TOKYO It was fitting that a little guy named Asimo helped Japan ring in the new year. A nation that grew up on Atom the boy robot and a bevy of other humanoid cartoon 'bots gaped as this Tin Man from Honda walked, bowed and waved to the crowd during NHK's splashy New Year's Eve TV gala, an annual fete that draws an audience rating of up to 50 percent.
"I belong to the Atom generation," declared Asimo's prime mover, Toru Takenaka, the chief engineer at Honda R&D Co. Ltd. "When I was a child, I loved Atom and Tetsujin 28 [another cartoon robot], and I used to be immersed in the robot world."
He still is. Takenaka will be among the managers watching closely as Honda prepares to take orders for rentals of Asimo the name stands for Advanced Step in Innovative Mobility starting in April. Though details such as the fee and maintenance conditions have yet to be hammered out, Honda sees business users as its first targets. The carmaker intends to show how the 4-foot, 95-pound robot works by renting it to organizations that run museums, scientific exhibitions, showrooms and fairs where many people gather. Customers can begin using Asimo for jobs like receptionist or product presenter as Honda itself is doing in a huge TV ad campaign for its cars this fall, part of the company's trial attempt to move robots into Japanese society.
It may not be a hard sell. Japan is robocountry, where many manufacturers, such as Matsushita and NEC, along with universities and research institutes, are working on robots. At least two companies besides Honda Sony Corp. and Tmsuk Inc. are rolling out their own commercial robots, even as publishers and moviemakers continue to conjure up the imaginary kind.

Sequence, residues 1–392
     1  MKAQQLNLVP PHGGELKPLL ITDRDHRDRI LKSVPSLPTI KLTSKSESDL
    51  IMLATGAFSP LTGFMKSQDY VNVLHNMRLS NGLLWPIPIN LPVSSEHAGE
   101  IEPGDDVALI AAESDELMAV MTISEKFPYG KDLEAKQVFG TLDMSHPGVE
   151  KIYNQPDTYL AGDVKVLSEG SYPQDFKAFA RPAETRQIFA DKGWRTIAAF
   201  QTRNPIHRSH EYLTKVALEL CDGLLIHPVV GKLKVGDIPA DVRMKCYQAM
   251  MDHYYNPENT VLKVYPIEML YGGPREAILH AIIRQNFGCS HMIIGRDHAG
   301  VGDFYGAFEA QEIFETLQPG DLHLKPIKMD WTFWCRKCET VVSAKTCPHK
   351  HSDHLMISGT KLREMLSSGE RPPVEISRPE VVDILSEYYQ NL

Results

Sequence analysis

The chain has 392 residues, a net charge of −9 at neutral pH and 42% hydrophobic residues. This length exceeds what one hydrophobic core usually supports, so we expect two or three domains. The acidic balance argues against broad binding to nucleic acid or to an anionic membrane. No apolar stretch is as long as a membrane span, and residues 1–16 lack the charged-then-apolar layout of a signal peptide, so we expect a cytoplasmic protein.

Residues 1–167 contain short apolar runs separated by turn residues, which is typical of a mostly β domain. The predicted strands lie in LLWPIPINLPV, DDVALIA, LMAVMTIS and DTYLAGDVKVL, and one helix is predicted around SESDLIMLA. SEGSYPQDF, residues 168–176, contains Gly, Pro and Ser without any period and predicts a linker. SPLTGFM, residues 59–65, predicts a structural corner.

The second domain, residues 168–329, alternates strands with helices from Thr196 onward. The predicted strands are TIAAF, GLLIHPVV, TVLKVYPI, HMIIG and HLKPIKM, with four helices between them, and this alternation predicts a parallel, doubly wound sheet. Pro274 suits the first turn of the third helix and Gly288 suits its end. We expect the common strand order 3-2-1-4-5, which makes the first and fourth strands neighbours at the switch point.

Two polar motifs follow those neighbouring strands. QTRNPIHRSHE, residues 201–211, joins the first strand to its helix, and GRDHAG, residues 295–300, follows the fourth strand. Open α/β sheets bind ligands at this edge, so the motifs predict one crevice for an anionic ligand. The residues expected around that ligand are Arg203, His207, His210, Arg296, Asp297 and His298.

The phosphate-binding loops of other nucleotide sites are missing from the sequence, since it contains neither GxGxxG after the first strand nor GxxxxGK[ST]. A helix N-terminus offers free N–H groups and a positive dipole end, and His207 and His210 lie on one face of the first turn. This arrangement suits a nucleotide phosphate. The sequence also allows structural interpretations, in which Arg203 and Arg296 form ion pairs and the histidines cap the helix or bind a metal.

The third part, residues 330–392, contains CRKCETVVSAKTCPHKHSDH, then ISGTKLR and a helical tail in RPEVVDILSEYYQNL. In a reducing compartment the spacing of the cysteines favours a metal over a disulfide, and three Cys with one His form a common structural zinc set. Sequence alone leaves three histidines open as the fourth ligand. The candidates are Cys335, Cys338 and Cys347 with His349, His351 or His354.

"Universities and some other organizations overseas have advanced technologies in robots," said Toshitada Doi, corporate executive vice president of Sony, who led robot development there. "But no other companies outside of Japan are conspicuous at present" in the drive to bring the 'bots mainstream.
The image in Japan, largely inspired by the cartoon culture, is of robots serving as human helpmates, and that is how the trio of robot makers is pitching the humanoid models they are bringing to market here. "There are always robots, such as Atom and Doraemon, with Japanese children, so the Japanese are implanted with an idea that robots are friends or partners from their childhoods," said Yasuhiro Kobashi, chief executive officer of Tmsuk Communication Technology Inc., a promotion and sales subsidiary of Kyushu-based R&D venture company Tmsuk. In fact, robot comics are far from kid stuff here. Even adults read comic books, some of which are accepted as masterpieces.
But Kobashi hinted of a darker side to the robomania that seems about to take hold. "At present," he said, the Tmsuk 04 robot, which is already being sold to research organizations for $45,000, "can pull the trigger of a gun. Even if the first purchaser is a goodwill organization, if it sells the robot to someone else and the second buyer is, say, a cult and has some evil intention, it can be very dangerous."
Indeed, Kobashi said Tmsuk got inquiries from the U.S. Army, among other organizations, when it put Tmsuk 04 up for sale a year ago. "We need some rule to be established to own a robot, like the license system to own a car," he said.
Robots like Atom, Tetsujin ("Iron Man") 28, Eightman, Doraemon and Robocon, ubiquitous in comic books and TV cartoon shows, are not evil-doers but beloved partners and friends to humankind. Atom, created by one of Japan's most famous cartoonists, Osamu Tezuka, is the pioneer.